Opinion: Rushing Quebec’s Bill 2 risks leaving many voices unheard

The controversial bill introduces new (and highly criticized) rules regarding trans and non-binary individuals’ rights to modify their sex designations and gender markers on identity documents.

Alana Cattapan, Vanessa Gruben, Stefanie Carsley & Angela Cameron 4 minute read December 8, 2021

Advocates say the government failed to adequately consult with the LGBTQ+ community prior to introducing the Bill. GETTY

Last month, the Quebec government introduced Bill 2, which aims to comprehensively amend Quebec’s family law regime. This Bill — which contains over 300 articles — reimagines Quebec’s parentage laws, regulates surrogacy arrangements and seeks to provide adoptees and children born from sperm and egg donation with rights to information about their genetic origins. It also introduces new (and highly criticized) rules regarding trans and non-binary individuals’ rights to modify their sex designations and gender markers on their identity documents.

Yet, despite its scope and potential impacts, Bill 2 is being pushed through the legislature at an alarming rate. It appears that the Minister of Justice is seeking to rush the enactment of the Bill by the end of the year, mere weeks after it was tabled. This rushed approach will not allow for in-depth scrutiny of the Bill by stakeholders, nor will it give the government enough time to engage meaningfully with feedback or seek out further input as needed and propose substantive changes.

Public consultation is an integral part of any lawmaking process that can profoundly affect people’s lives. Public engagement is critical to ensure that those whose lives are most affected by an issue can provide input about how best to address the issue that the legislation aims to solve. The process should allow for engagement at multiple stages — before and during consideration of the Bill — to ensure that stakeholders’ needs and the needs of the broader population are best met.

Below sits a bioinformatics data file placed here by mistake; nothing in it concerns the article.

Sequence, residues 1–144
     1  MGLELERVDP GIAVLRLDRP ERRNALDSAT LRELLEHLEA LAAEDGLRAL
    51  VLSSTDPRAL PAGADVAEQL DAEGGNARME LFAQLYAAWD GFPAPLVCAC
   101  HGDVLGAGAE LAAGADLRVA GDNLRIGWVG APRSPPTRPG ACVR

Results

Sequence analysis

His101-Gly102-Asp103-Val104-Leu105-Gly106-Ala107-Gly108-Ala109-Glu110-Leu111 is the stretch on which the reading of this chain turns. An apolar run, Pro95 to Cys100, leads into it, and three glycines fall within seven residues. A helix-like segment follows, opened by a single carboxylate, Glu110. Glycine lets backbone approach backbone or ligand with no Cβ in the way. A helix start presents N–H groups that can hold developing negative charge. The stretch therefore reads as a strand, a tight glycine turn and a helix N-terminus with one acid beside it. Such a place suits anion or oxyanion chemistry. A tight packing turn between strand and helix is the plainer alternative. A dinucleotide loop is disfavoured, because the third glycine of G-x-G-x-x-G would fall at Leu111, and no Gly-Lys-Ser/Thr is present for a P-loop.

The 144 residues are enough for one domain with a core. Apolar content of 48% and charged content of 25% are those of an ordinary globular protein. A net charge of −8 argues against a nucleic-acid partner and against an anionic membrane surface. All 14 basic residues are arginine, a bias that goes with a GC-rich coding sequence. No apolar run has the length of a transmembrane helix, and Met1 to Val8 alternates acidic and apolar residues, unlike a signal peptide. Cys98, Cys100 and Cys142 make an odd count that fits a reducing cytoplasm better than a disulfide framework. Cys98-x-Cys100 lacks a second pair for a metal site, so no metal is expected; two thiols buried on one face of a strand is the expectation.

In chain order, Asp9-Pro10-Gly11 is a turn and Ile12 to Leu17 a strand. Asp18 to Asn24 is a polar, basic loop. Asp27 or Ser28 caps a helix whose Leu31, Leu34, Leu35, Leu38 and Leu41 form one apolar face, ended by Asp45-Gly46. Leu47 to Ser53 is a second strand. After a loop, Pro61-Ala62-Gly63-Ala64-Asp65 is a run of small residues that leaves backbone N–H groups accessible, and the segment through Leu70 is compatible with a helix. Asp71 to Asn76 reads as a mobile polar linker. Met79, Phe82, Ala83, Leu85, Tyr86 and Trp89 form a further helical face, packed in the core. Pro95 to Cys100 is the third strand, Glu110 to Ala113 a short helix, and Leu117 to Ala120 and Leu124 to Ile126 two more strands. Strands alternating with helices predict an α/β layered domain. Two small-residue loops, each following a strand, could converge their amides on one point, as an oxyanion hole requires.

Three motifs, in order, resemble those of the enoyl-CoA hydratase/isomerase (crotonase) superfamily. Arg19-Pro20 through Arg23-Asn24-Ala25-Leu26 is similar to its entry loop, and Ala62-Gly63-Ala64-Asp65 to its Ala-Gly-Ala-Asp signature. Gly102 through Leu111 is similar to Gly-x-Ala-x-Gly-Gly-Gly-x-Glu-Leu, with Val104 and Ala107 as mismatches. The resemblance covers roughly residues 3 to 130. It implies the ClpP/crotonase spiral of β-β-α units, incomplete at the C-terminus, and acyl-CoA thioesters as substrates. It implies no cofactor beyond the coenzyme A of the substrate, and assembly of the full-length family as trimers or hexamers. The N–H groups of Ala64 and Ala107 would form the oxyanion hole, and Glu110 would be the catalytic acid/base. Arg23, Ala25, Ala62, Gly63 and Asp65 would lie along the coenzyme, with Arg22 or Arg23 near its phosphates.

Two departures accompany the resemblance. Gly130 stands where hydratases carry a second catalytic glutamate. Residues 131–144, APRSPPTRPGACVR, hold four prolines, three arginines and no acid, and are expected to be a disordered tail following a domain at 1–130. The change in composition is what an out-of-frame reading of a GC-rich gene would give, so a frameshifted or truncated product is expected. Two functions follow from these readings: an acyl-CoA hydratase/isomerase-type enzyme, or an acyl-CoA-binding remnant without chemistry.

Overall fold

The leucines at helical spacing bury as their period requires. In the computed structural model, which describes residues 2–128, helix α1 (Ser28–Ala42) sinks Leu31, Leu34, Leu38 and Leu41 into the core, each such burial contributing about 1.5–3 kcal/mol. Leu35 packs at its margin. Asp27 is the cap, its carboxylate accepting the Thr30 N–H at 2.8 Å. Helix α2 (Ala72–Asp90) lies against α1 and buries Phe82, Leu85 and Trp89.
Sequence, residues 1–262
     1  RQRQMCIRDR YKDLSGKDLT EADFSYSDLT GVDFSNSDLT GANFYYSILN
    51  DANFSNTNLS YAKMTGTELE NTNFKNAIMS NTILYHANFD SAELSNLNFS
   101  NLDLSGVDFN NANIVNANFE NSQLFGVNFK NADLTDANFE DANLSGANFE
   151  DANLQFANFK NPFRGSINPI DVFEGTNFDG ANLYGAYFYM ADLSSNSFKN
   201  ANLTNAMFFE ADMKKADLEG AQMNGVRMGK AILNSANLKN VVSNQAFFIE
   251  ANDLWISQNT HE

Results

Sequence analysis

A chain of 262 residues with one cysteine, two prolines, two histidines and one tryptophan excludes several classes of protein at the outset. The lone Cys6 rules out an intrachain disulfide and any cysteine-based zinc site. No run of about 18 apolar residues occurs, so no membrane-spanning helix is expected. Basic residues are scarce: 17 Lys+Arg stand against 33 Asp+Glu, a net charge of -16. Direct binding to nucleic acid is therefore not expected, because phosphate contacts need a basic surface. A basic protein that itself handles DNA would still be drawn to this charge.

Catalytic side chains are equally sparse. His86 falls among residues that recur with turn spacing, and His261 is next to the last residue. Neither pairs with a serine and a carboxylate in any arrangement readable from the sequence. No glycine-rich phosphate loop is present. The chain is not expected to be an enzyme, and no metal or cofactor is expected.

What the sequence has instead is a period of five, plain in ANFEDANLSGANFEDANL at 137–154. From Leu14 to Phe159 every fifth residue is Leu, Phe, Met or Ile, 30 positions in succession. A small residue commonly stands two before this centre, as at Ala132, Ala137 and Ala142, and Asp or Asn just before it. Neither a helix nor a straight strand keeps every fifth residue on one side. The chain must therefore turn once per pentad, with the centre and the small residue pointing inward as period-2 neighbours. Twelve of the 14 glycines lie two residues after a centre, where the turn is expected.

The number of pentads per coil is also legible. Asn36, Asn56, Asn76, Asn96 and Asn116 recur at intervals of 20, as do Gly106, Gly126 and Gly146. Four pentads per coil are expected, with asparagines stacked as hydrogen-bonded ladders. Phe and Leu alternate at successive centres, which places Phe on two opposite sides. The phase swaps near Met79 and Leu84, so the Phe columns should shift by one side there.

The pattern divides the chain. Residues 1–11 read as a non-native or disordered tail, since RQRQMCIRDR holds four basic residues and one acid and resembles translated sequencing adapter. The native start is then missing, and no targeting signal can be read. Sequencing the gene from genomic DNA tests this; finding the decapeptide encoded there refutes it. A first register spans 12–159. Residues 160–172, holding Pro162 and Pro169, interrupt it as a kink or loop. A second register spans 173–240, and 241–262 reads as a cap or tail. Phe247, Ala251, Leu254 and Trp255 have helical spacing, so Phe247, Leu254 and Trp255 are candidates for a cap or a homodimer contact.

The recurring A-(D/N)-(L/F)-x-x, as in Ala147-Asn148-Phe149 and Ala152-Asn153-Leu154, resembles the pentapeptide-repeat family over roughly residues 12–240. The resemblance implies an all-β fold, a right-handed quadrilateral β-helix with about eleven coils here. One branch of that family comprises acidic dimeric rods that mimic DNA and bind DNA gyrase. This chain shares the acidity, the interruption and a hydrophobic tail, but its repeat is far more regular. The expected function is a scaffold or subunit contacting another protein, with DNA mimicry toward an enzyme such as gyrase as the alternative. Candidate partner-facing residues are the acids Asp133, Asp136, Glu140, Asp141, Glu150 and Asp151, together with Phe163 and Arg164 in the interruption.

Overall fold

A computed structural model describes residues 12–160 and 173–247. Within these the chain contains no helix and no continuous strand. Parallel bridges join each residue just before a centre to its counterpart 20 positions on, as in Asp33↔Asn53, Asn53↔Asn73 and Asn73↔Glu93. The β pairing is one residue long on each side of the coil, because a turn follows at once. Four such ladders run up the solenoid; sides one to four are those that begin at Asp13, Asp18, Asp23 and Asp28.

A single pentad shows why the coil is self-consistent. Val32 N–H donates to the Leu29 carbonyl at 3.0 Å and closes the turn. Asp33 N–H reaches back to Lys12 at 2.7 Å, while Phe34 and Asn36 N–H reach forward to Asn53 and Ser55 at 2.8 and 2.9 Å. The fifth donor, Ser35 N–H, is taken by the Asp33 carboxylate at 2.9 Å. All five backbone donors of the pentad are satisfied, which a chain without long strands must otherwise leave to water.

Part of meaningful public engagement is also educational. It is important for lawmakers to articulate their intent and process with a piece of legislation so that those affected can understand what the legislation is intended to do and so they are able to propose more effective or useful ways of addressing an issue.

Stephanie Carsley(left), Vanessa Gruben (middle), Alanna Catapan (right) SUPPLIED Some consultations on Bill 2 are occurring.  A few individuals and groups have appeared before a Parliamentary Committee, and there is a consultation form online where the public can submit comments. But there has been no public education, no transparency about consultations and no meaningful pre-drafting consultations.

The length of this timeline, and limited nature of the consultations, also means that only individuals and groups with the capacity to drop everything to work through a complex bill of over 100 pages and develop written comments on a dime can participate. Groups and individuals with less time, and fewer resources will not be able to participate and to make their voices heard.

Despite these concerns, there is one important reason to move an amended version of Bill 2 through the National Assembly without delay. The Bill seeks to respond to a decision of the Superior Court of Québec from last February that held that several provisions of the Civil Codeof Québec violated the dignity and equality rights of trans and non-binary Quebecers. The Court gave the province until December 31, 2021 to amend the affected provisions.

The problem is that Bill 2’s initial response to this court order has been widely criticized for its negative impact on the rights of trans and non-binary people — further highlighting the government’s failure to adequately consult with the LGBTQ+ community prior to introducing the Bill. It is also not clear why the government decided to include these proposed changes in a Bill dealing primarily with family law.

One solution would be for the government to split Bill 2 into two bills: one dealing with family law and the other with the rights of trans and non-binary people. Splitting the Bill would allow the government to respond quickly to the court order and to amend the Bill’s current proposed provisions to better support trans and non-binary Quebecers’ rights. It would also allow for more extensive consultations and debate on long-awaited family law reforms.

Let’s get this important legislation right through a robust process that includes participation from the very people it purports to serve.

 

Alana Cattapan is an Assistant Professor of Political Science and the Canada Research Chair in the Politics of Reproduction at the University of Waterloo. 

Vanessa Gruben and Angela Cameron are Associate Professors and Stefanie Carsley is an Assistant Professor at the University of Ottawa’s Faculty of Law. All are members of the University of Ottawa’s Centre for Health Law, Policy & Ethics.

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